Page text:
AKA Nikolai Vladimirovich Timofeev-Ressovsky
Birthplace: Moscow, Russian Empire
Location of death: Moscow, USSR
Cause of death: unspecified
Race or Ethnicity: White
Sexual orientation: Straight
Executive summary: Russian geneticist
Military service: Green Army (1916-17); 12th Red Army (1917-18)
Russian biologist Nikolai Timofeev-Ressovsky was a founder of the Russian scientific school of genetics, and at the forefront of Soviet studies of radiation genetics, evolution and biosphere theory. He studied three branches of genetics — phenogenetics (the genetic basis of ontogenesis), mutagenesis (events capable of causing mutations), and theoretical or molecular genetics. An internationally respected geneticist and evolutionist, his work was influential in related fields of science, inside and outside of Russia, and his rather dramatic life story was retold in Daniil Granin's 1987 novel The Bison.
In 1926, Timofeev and his wife, geneticist Helena Alexandrovna Fidler, were assigned to work in Germany as part of a Soviet-German scientific exchange program. They remained in Germany for decades, as Timofeev's research on the physico-chemical nature of radiation damage grew widely respected, and even after the Nazis came to power in 1933 (decades after their deaths, Timofeev and Fidler have occasionally been accused of sympathizing with Nazi theories of racial superiority and supporting eugenics, though the evidence of this is less than conclusive). In 1937 they were ordered by Soviet officials to return to the USSR, but they refused to abandon their work, their laboratory, and their students.
Another motivation for staying in Germany was that the "politicized science" of Trofim Lysenko had led to the arrest and imprisonment of numerous leading scientists in the Soviet Union. Timofeev's two younger brothers had been arrested and sent to separate Gulags (one was executed, the other survived), and several relatives of Timofeev's wife had also been arrested and imprisoned.
Working in Germany, though, presented its own difficulties. When war broke out, Timofeev and his family were forbidden by German authorities to leave, but he was allowed to continue his scientific work, under increasingly authoritarian oversight. Their son joined an anti-fascist group, which led to his arrest, imprisonment, and execution.
When the Soviet Army took East Berlin in 1945, Timofeev was arrested by the People's Commissariat for Internal Affairs (NKVD, or in common parlance, the Soviet Union's secret police). He was charged with treason for his extended time in Germany, and sentenced to ten years in prison. For the first two years of his sentence, he was held at a notoriously cruel Gulag in North Kazakhstan, where his eyesight was permanently damaged by near-starvation conditions.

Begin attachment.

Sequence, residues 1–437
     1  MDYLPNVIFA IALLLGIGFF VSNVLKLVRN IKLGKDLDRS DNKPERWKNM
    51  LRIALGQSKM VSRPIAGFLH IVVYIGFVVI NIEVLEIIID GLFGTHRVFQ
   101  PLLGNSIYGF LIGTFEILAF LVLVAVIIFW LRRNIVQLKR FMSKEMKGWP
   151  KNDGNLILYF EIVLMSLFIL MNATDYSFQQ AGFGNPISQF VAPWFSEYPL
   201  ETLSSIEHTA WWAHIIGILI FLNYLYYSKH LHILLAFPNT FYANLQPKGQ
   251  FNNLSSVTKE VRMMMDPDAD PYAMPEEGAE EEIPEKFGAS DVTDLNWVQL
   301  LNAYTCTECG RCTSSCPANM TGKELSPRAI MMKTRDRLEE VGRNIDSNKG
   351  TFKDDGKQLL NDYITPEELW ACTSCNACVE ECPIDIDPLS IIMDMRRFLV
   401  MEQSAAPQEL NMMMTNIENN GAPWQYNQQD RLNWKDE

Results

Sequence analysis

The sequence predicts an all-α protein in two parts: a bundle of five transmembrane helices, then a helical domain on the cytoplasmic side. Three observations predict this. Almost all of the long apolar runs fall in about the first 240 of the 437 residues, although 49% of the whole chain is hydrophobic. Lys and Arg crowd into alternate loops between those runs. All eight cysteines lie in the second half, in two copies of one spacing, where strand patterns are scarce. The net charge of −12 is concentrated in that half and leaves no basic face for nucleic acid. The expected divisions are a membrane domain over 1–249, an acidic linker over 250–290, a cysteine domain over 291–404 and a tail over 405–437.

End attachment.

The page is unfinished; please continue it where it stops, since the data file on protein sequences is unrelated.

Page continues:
By 1947, imprisoning increasing numbers of USSR's top scientists had left Soviet scientific research at a distinct disadvantage, so Timofeev was transferred to a secret scientific installation in the Ural mountains near Sverdlovsk. There, along with numerous other imprisoned Soviet scientists, he was allowed to resume his research into radiobiology (the biological effects of exposure to radiation). He could see well enough to work, but not well enough to easily read, so his wife was brought to the facility to read for him and, effectively, to act as his eyes. When his prison term ended in 1955, Timofeev and Fidler decided to continue their work, and remained at the facility.
As a result of his work in Germany and subsequent imprisonment in Russia, Timofeev was never again allowed to leave the Soviet Union. In the early 1960s he was appointed to head the Genetics department at the Institute of Medical Radiology in Obninsk, on condition that he obtain the required doctorate, so at the age of 63 he prepared and defended a dissertation on radiation ecology, receiving his DSc from the USSR Academy of Science.
His family name was Timofeev; he added Ressovsky as an affectation, alluding to the area of Russia where he was raised.
Father: Vladimir Viktorovich Timofeev (transport engineer, b. 1850, d. 1913)
Mother: Nadezhda Nikolaevna (b. 1868, d. 1928)
Brother: (two brothers, both arrested by the NKVD, one d. Gulag)
Wife: Helena Alexandrovna Fidler (geneticist, b. 1898, d. 29-Apr-1973)
Son: Dmitrij (d. 1-May-1945 execution)
High School: First Imperial Alexander High School, Kiev (transferred out, 1913)
High School: Moscow Flerov High School, Moscow (1917)
University: BS Genetics, Moscow University, Moscow (1922)
Teacher: Zoology, Practical Institute in Moscow (1922-1925)
Scholar: Genetics Department, Brain Research Institute, Berlin, Germany (1925-45)
Scholar: Institute of Ecology of the Academy of Science, Sverdlovsk (1947-64)
University: DSc Biological Sciences, Ural Div. of the USSR Academy of Sciences (1964)
Administrator: Director of Genetics Dept., Institute of Medical Radiology, Obninsk (1964-70)
Scholar: Institute of Medical Biological Problems, Moscow (1970-81)
Treason arrested by the NKVD, convicted; received ten year sentence (Sep-1945)
German Academy of Sciences Leopoldina Foreign Member
GAS Darwin Medal (1959)
NAS Kimber Genetics Award (1966)
Asteroid Namesake 3238 Timresovia
Author of books:
Experimental Mutation Research (1937)
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